Chait’s piece is a typical “pyromaniac in a field of straw men” attack on Republicans, and is rather unremarkable except for his choice to deliberately associate the specter of Holocaust denial with those who fail to toe the liberal line on class warfare and income redistribution. James Pethokoukis responds to Chait’s article by citing a few “inconvenient” facts that Chait and his ideological confreres routinely ignore:
The reality about “exploding income inequality” and wage stagnation is far different than what Chait, the Obama White House, and Elizabeth Warren (D-Occupy Wall Street) contend. One example: Brand new research from the University of Chicago’s Bruce Meyer and Notre Dame’s James Sullivan finds “median income and consumption both rose by more than 50 percent in real terms between 1980 and 2009. … Our results provide strong evidence that the well-being of the middle class and the poor has improved considerably over the past thirty years.”
Those results aren’t above challenge. But there certainly seems to be legitimate counter-arguments and evidence to the “exploding income inequality” meme. Indeed, differing household demographics and differing inflation measures between incomes levels means the “rise in American inequality has been exaggerated both in magnitude and timing,” according to Northwestern University’s Robert Gordon. That and other studies undercut a new CBO analysis showing massive income gains for the “1 percent” at the expense of everyone else. But maybe Gordon is a denier, too; another guy on the Koch-RNC payroll. Except Gordon is an Obama supporter.
Chait and others in the class warfare crowd have been stirred up by this recently published CBO analysis of incomes, which seems to show that the incomes of the top 1% rose disproportionately during the last 30 years, while the real incomes of the bottom fifth declined during the same period. But much of the exponential growth in the income of top earners over the last 30 years has been directly tied to the incredible performance of the stock market, which increased nearly ten-fold in the decade between 1992 and 2001 alone. And that increase was directly tied to the massive economic growth of 1982 – 1987, 1997 – 2001, and 2003 – 2007 along with the corresponding increases in government tax receipts that led to the near-elimination of the Federal budget deficit in FY 2000. These things helped Americans at all economic levels.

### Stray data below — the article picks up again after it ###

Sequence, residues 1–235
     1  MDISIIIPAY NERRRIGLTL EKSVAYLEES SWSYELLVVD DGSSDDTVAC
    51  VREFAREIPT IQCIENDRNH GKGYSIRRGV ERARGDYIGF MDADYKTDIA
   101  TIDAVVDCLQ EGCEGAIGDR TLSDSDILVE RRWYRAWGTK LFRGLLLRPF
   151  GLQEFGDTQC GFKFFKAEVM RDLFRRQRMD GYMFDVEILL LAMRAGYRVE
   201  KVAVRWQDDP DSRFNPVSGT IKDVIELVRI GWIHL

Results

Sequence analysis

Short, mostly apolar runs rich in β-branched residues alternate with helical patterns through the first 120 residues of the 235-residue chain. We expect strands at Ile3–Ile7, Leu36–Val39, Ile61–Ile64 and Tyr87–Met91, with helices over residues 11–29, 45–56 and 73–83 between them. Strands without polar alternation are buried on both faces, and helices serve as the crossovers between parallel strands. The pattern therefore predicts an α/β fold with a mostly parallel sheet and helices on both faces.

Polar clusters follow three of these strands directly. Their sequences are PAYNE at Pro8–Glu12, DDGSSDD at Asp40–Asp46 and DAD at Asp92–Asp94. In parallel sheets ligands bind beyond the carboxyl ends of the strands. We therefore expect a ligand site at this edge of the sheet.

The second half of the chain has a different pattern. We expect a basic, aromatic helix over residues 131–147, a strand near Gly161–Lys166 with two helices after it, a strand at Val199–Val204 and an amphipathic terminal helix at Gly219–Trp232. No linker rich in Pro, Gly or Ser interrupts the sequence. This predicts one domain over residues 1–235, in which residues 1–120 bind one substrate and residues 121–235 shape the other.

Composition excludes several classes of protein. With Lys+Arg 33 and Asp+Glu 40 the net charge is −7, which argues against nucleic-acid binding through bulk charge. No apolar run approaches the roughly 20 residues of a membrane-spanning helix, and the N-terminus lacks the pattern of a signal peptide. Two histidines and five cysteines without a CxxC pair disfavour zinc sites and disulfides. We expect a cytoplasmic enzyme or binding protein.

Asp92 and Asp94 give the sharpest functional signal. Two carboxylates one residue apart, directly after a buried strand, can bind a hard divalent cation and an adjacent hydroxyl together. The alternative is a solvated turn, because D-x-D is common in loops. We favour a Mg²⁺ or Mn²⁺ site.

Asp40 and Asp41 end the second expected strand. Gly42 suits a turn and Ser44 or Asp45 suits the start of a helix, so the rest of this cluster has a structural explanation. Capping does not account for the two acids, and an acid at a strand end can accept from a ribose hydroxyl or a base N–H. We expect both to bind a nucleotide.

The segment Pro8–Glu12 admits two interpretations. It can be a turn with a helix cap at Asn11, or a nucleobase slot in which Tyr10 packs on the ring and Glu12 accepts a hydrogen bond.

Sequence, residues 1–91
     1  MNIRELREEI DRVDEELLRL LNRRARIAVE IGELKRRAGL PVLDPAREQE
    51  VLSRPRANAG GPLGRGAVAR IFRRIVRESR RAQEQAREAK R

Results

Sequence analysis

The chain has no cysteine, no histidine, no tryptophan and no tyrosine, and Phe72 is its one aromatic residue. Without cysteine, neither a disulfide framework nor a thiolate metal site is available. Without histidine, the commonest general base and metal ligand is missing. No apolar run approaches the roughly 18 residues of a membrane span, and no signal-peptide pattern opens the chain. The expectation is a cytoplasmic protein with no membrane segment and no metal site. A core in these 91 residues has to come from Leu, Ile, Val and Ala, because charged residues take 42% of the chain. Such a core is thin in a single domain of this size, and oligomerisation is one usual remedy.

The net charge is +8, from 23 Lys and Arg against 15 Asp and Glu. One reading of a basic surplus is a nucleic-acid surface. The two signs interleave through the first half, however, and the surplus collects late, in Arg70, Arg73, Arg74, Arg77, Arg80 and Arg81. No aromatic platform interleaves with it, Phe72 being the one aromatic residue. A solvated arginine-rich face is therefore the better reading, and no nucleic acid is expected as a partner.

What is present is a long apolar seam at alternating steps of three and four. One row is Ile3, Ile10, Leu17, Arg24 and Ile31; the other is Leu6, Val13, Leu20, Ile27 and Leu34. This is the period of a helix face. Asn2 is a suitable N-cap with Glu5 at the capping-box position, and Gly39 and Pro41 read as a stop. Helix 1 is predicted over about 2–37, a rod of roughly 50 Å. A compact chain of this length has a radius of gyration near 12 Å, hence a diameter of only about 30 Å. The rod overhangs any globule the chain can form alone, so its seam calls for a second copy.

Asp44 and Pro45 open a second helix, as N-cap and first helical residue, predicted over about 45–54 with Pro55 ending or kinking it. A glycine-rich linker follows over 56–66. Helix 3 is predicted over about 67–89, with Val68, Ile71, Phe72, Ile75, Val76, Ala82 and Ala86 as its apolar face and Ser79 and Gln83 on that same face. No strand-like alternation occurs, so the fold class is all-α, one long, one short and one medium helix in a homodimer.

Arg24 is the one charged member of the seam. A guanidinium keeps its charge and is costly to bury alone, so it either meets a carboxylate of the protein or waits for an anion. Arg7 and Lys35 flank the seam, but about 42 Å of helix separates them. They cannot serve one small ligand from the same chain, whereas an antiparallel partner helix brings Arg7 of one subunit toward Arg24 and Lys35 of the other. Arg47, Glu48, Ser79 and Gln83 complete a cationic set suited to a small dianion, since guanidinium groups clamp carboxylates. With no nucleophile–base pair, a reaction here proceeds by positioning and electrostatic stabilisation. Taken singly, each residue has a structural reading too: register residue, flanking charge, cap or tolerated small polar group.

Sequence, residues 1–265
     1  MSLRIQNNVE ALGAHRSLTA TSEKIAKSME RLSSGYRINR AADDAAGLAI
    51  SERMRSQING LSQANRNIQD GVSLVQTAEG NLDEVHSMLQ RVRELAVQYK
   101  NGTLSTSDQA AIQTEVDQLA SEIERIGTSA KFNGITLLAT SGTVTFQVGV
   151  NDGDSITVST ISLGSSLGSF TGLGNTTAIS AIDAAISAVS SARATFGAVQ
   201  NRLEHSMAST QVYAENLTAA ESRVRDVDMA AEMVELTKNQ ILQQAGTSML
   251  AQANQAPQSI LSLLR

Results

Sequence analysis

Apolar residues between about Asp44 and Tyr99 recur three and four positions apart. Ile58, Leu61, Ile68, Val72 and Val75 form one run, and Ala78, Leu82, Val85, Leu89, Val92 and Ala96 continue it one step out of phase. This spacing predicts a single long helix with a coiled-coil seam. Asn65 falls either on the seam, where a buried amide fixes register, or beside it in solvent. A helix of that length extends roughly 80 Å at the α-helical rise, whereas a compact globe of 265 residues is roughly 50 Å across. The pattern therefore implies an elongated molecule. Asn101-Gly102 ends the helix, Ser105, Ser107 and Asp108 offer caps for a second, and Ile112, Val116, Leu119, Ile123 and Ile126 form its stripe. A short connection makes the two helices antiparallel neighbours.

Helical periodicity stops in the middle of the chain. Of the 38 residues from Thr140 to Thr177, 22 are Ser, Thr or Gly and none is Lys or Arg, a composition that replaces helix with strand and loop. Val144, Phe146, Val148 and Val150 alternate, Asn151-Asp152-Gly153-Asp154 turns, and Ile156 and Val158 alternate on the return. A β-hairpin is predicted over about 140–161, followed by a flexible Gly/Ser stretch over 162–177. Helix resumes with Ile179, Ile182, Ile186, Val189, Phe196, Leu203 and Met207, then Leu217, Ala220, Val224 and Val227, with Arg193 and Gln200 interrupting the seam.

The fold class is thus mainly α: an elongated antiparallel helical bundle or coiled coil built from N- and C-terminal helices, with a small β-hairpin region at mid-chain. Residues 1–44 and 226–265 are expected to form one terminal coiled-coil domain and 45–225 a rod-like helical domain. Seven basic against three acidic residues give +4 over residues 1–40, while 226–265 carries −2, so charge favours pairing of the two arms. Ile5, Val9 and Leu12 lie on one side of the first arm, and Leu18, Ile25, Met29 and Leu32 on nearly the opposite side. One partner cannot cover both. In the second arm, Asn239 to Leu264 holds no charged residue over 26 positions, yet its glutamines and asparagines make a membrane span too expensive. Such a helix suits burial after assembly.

Naturally those in the financial sector (which makes up a significant portion of our top income earners) benefitted handsomely during those decades. Unfortunately for the class warfare crowd, intellectuals have yet to devise a way to continually maintain a strong economy by demanding year after year of exceptional performances from the financial sector (and its main source of capital creation, well-managed and profitable businesses) while at the same time vilifying and punishing businessmen and investors for “unfairly” earning “too much money.”
“Income inequality” is a complex subject, made even more difficult by the fact that there are few standard definitions or methods of analysis upon which all parties agree. The result of this is that much of the rhetoric employed by both sides ends up consisting largely of terminology and slogans that are, in truth, little more than empty signifiers — meaningful and emotive when you are preaching to the choir; vague, confusing, or misleading when directed toward the other side’s arguments.
And when you deliberately invoke Holocaust/Nazi imagery while attacking the other side’s arguments, you’re not even trying to have an actual discussion of the issue. In fact, according to the first corollary of Godwin’s Law, you’ve automatically lost the debate. But unlike Darwin Award winners, those who violate Godwin’s Law have the opportunity to be stupid and offensive over and over again.